Honda Motor Co.’s 2013 Accord, the revamped version of the longest-selling U.S. midsize car, debuts this month as the company seeks to speed its sales recovery and recapture a reputation for benchmark vehicles.
Honda Motor Co. and Toyota Motor Corp.’s North American plants, stalled by parts shortages a year ago, are leading an industrywide assembly surge buoying cities from the Midwest to the deep South amid a languid U.S. economy.
Honda Motor Co. , which makes more than 80 percent of the automobiles it sells in the U.S. at North American plants, plans to reduce output on the continent starting tomorrow as parts supplies from Japan dwindle.
Honda Motor Co. is making $355 million of upgrades at plants in Ohio where it opened its first U.S. wind tunnel, seeking productivity and fuel-economy gains for models designed and built in North America.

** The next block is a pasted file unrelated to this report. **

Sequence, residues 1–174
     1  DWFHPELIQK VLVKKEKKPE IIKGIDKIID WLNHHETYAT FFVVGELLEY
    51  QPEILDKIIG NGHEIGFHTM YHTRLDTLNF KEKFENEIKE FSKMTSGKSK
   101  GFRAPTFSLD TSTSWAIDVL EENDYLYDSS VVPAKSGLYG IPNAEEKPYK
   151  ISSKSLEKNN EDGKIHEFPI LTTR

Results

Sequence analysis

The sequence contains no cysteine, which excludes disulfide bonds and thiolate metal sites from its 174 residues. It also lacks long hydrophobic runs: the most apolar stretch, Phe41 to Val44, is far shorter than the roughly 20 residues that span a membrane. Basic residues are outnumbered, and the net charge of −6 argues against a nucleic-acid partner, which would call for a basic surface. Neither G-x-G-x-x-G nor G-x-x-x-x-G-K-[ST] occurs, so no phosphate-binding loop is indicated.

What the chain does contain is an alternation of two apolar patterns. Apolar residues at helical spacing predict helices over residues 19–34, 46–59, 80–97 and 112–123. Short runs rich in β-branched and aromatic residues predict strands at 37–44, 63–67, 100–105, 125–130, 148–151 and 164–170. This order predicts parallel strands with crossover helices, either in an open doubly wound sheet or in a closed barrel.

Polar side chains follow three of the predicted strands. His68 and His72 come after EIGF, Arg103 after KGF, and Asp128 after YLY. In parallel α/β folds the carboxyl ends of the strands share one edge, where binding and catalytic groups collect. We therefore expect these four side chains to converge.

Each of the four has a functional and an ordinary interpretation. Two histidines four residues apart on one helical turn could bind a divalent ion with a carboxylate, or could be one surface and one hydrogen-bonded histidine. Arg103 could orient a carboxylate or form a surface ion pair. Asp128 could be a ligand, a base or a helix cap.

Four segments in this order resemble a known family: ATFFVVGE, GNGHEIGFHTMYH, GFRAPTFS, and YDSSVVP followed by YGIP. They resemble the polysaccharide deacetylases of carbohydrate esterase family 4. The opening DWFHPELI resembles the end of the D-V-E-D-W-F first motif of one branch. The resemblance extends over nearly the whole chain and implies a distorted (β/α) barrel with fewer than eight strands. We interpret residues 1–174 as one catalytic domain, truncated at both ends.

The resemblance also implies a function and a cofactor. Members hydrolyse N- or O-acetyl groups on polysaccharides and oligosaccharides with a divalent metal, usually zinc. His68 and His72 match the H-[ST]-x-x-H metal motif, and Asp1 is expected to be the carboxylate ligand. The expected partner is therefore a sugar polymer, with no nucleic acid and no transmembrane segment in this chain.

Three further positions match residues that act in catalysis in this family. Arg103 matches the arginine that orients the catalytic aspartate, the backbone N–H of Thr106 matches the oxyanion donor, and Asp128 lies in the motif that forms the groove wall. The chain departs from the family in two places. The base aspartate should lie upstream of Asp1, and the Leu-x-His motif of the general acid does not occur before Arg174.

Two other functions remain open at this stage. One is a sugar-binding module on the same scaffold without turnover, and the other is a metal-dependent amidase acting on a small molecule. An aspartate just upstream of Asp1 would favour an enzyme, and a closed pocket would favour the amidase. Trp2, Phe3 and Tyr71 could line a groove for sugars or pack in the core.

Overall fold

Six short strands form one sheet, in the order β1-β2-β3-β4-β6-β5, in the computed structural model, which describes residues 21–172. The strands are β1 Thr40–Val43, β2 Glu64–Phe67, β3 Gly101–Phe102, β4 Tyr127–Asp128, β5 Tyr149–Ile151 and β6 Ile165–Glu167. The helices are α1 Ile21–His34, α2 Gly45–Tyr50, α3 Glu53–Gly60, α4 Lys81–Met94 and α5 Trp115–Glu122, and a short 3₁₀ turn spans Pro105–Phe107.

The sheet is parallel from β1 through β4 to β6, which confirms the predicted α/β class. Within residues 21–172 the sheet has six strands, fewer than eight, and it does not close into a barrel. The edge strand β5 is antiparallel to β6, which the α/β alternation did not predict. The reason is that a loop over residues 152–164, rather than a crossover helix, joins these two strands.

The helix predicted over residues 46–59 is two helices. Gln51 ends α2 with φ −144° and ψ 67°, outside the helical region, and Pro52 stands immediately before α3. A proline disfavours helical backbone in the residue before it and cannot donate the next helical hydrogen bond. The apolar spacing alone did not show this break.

Chrysler Group LLC, boosted by deliveries of Ram pickups, led September U.S. auto sales gains that exceeded analysts’ estimates. General Motors Co. and Ford Motor Co. also beat estimates on Silverado and F-Series trucks.
Honda Motor Co. and Toyota Motor Corp. plummeted in a survey on relations with suppliers, while gains by Chrysler Group LLC and General Motors Co. helped close the gap between top and bottom performers.
Toyota Motor Corp. plans to resume production of the Prius and two other hybrid models in Japan as the nation’s automakers work to restart operations after an earthquake and tsunami idled plants for two weeks.
Plans by Toyota Motor Corp. and Honda Motor Co. to run factories overtime to recoup production lost to parts shortages caused by Japan’s earthquake may be delayed until early 2012 because of flooding in Thailand.